Shift that thinking into a school context and what does it suggest? Well it’s about students having access to some spaces that can be closed down, while at the same time having the affordance of visibility. I like the notion of having a ‘room within a room’ that Stephen Heppell refers to - and I like the way he frames it - “agile little spaces-within-spaces that have proved so popular with children and teachers alike - they offer a space for mutuality, for an intimacy of collaboration, for serious study and focused conversations, for peace & quiet sometimes, for focus and of course, with always one side open and an eye line in, for safety too.”
And I think that our children have discovered this for themselves. When you walk into a learning hub and observe they have rearranged furniture, or sit behind a teaching station, or a couch, or nestle into a corner or up against a window, or on a stage block, more often than not they have created their own spaces that purpose their own learning. When asked to design potential new environments, the idea of creating nooks and crannies was a common theme among children. Take this model for example.
When asked about the zig-zag wall, the two children who’d built it talked about the little spaces that it created – small environments our architect might describe as ‘worlds’. Corners it seems to our children are important places for learning.
On a recent trip to Melbourne University I came across this ‘room within a room’. It’s open, visible and whilst not acoustically separated from the larger environment it is part of, there was a sense of purposeful separation. The lines delineated by the carpet too added to the concept.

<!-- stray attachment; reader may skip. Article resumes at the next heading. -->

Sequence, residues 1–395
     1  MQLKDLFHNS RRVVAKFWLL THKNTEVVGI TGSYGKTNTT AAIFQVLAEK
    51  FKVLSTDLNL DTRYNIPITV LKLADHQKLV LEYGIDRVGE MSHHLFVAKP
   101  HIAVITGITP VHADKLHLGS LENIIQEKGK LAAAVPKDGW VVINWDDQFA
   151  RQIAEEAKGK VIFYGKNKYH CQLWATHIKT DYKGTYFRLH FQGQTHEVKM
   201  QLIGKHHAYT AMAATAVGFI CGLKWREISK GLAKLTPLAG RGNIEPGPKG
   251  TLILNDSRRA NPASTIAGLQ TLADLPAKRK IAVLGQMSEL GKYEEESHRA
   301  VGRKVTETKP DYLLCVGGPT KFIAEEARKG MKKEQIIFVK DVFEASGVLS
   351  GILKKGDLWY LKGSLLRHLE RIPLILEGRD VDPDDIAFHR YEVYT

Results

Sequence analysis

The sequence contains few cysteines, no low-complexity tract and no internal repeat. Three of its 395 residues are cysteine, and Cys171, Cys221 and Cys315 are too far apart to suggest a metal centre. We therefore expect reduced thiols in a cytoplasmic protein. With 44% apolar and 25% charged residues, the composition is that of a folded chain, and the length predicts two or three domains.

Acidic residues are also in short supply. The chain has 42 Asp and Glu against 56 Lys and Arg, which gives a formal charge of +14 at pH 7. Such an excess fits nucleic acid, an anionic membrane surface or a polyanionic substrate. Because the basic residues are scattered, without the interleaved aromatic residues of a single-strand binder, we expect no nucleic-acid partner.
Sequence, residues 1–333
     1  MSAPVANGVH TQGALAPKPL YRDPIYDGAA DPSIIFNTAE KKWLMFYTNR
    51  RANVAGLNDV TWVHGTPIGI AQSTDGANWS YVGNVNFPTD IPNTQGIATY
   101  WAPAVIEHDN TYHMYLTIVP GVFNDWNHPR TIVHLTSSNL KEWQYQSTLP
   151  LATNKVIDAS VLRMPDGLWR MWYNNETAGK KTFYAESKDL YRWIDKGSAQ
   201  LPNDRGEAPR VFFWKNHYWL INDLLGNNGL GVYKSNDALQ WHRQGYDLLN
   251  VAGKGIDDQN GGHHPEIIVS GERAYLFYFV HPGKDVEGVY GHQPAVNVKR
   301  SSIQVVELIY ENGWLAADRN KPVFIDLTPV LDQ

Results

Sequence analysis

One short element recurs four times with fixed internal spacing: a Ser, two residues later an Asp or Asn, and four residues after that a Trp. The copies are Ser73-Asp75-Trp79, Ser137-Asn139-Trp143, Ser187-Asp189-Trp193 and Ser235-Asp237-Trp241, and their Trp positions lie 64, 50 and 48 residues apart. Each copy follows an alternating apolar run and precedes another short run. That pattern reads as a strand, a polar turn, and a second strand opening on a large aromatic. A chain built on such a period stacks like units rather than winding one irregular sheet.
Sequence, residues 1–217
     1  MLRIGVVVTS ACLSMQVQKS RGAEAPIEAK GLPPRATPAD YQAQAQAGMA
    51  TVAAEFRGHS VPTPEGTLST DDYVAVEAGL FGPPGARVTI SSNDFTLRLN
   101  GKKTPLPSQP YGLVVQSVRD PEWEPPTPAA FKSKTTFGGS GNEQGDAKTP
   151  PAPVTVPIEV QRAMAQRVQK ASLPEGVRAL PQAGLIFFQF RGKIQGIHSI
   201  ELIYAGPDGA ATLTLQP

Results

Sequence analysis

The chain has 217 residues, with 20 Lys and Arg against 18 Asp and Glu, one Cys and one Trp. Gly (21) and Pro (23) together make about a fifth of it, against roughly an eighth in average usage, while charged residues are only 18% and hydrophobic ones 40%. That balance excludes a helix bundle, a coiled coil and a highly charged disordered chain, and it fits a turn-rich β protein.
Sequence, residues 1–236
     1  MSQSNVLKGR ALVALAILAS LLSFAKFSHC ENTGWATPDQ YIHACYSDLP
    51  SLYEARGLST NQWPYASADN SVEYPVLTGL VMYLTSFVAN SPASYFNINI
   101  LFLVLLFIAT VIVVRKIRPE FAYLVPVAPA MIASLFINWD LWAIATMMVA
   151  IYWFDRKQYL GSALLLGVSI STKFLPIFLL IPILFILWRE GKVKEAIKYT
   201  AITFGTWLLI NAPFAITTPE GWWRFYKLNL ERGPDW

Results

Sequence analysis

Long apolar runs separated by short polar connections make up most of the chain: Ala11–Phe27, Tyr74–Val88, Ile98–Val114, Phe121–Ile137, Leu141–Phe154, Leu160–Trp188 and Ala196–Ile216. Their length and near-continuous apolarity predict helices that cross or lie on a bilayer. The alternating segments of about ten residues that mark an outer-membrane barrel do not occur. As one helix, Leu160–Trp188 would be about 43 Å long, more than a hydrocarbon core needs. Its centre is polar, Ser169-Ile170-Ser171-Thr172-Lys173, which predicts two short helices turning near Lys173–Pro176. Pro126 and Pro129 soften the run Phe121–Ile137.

This couch area too, at the architect office, despite being right in the middle of the practice, forms it’s own little world for people to meet and discuss, and learn. Strangely enough and despite its centrality it affords a surprising amount of noise insulation from the general murmur of work and keyboards around it.
As we move into finalising our hub designs, when we think about the spaces within, it’s about exploring a balance between open spaces where shared teaching, collaboration and group work can go on, and at the same time providing a couple of smaller breakout spaces which can be acoustically separated. Teachers have commented that we probably need two closeable spaces; one for a larger group of students (although not as large as a classroom), and another one for small groups. The visible nature of spaces with large glass doors is seen as a real positive too.
Also though its important to look at creating other spaces, alcoves and worlds within the larger one; perhaps through the use of the corners, nooks and crannies, hinging screens and staircases that are so popular with our learners. Over the next few weeks the designs will continue to evolve and we'll be going to our teachers and students for some all to critical feedback.
Fayard, A.-L., & Weeks, J. (2011). Who Moved My Cube? Harvard Business Review(July-August 2011).
Heppell, S. (2012). Rooms within rooms, from http://rubble.heppell.net/rooms_in_rooms/
Herman Miller Inc. (2012). What it takes to collaborate, from http://www.hermanmiller.com/content/hermanmiller/english/research/research-summaries/what-it-takes-to-collaborate.html
Lehrer, J. (2012). Imagine: How creativity works. New York: Houghton Mifflin Harcourt.
Oldenburg, R. (1989). The great good place : cafés, coffee shops, community centers, beauty parlors, general stores, bars, hangouts, and how they get you through the day. New York : Paragon House, 1989.